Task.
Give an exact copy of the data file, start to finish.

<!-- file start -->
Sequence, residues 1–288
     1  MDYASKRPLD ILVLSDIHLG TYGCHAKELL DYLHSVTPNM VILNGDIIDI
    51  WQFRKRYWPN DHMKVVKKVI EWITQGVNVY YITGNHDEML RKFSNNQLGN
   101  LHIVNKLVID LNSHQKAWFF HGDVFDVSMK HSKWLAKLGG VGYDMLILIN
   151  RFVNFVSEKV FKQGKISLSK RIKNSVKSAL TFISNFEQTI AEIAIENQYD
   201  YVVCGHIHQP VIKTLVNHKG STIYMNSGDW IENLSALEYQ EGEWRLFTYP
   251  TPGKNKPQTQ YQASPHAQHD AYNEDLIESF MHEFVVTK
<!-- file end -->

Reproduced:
Sequence, residues 1–288
     1  MDYASKRPLD ILVLSDIHLG TYGCHAKELL DYLHSVTPNM VILNGDIIDI
    51  WQFRKRYWPN DHMKVVKKVI EWITQGVNVY YITGNHDEML RKFSNNQLGN
   101  LHIVNKLVID LNSHQKAWFF HGDVFDVSMK HSKWLAKLGG VGYDMLILIN
   151  RFVNFVSEKV FKQGKISLSK RIKNSVKSAL TFISNFEQTI AEIAIENQYD
   201  YVVCGHIHQP VIKTLVNHKG STIYMNSGDW IENLSALEYQ EGEWRLFTYP
   251  TPGKNKPQTQ YQASPHAQHD AYNEDLIESF MHEFVVTK